How to get amazing fall color out of Photoshop

The 2020 5DayDeal Bundle

I’ve got a great fall color tutorial for you below, but I also want to share something else I think you’ll love. Every year, the 5DayDeal bundle offers a special opportunity to invest in great photography courses for >95% off. This year’s bundle includes tutorials from Nick Page, Ryan Dyar, Nigel Danson, Gavin Hardcastle, Mads Peter Iversen, and dozens of other world-class instructors on a variety of shooting and processing topics. And 10% of the proceeds go to great charities.

And if you purchase the 5DayDeal bundle through the links on this page, I will also send you a FREE copy of my Bonus Blending Course. This course is never available for purchase, only through special opportunities like this. It includes the RAW source file, written summary, and takes you through the complete exposure blending workflow from the RAW to the finished image. ​(Purchases through other links will not qualify, so please be sure to use the links on this email. Everyone who qualifies will gain access on October 22nd, after the sale has ended).
I rarely endorse other products and only when I think you would thoroughly enjoy them. When you purchase through my link, you will receive my bonus blending course and be supporting me with an affiliate commission, at no cost to you.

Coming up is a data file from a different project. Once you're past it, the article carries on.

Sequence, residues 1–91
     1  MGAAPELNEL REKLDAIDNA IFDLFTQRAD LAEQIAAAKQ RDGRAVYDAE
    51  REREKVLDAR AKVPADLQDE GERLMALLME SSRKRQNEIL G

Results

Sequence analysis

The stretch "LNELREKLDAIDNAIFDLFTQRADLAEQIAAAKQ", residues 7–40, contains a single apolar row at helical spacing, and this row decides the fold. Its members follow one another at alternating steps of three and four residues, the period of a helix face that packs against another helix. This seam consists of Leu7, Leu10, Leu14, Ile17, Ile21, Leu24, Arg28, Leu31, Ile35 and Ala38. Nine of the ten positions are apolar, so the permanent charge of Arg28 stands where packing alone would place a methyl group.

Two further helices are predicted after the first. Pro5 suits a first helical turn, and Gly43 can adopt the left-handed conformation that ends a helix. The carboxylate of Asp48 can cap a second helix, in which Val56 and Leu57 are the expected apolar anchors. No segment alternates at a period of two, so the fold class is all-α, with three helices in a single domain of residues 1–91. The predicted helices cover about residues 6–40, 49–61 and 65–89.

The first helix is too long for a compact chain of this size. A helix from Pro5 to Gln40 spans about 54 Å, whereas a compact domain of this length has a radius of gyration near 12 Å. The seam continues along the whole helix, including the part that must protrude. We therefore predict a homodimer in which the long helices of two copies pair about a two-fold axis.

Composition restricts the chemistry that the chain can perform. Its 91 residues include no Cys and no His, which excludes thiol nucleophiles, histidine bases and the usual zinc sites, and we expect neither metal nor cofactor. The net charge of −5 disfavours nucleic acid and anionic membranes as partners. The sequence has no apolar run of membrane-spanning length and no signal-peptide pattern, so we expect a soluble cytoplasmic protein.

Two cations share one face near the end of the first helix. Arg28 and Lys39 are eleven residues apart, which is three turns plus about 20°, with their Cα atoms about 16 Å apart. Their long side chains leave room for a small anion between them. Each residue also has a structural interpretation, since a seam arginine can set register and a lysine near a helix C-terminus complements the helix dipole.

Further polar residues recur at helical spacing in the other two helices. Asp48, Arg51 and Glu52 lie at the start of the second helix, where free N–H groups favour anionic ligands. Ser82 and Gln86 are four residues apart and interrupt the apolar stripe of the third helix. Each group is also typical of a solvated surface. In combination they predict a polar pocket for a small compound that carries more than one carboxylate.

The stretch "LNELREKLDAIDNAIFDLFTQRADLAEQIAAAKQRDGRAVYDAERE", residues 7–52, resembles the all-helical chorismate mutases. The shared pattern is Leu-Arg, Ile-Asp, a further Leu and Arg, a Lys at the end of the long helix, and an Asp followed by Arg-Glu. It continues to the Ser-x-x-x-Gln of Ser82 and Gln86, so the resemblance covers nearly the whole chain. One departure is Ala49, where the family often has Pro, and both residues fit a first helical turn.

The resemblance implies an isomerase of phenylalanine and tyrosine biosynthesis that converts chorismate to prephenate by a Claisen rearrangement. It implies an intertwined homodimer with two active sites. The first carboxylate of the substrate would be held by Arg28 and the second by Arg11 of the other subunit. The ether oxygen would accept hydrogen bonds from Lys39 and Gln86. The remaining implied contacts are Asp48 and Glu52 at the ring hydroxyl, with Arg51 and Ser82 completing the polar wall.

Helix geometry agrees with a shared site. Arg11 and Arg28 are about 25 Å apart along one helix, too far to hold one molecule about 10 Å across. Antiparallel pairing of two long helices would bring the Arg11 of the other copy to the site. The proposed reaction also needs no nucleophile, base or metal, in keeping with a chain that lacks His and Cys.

How to get amazing fall color out of Photoshop

Every season of the year has its own magic, but for me, nothing beats fall color. This year I drove five hours and stood in a river for three hours shooting this waterfall. I was so excited I hardly noticed the temperature was barely above freezing. The colors were incredible, the sky had great mood, and the water looked silky smooth. But I hit a huge snag when I got home.

I had no idea how to process the image. Seriously. All my usual tricks were failing me. At first I thought I was a bit rusty from a year of being largely stuck at home. But the bigger challenge was the flat light. Fall days are like that. Sometimes you get gorgeous light, but a lot of times you get what you get – and then the leaves are gone. So I had to build my own light. After some experimentation, I figured out the right balance of blending, dodging, and other techniques to make the image look as exciting as it was when I was standing knee deep in the rushing water. Here’s the tutorial showing how you can create great fall color even in challenging light:


The key takeaways from this edit are:

  • Exposure blending with luminosity masks can always help enhance your sky. It’s also a very effective way to help bring out dark foreground detail without getting the sort of flat/fake foreground you’d get by just boosting the shadows slider in RAW or by using HDR.
  • The Selective Color tool is a powerful way to enhance fall color. It’s also pretty intimidating, so check out this tutorial to learn how to use it. A key point to remember is that you very often need to adjust the “yellows” to adjust what appears to be green trees or moss. We may disagree with how Photoshop classifies this color, but that’s how it works.
  • When changing the color of green trees, remember that they are also very dark. So try using a brightness/contrast adjustment layer with a layer mask targeting them to help Selective Color work its magic.
  • Dodging and burning through luminosity selections is a great way to add depth and dimension to foreground elements like the rocks, water, and trees here.
Greg Benz Photography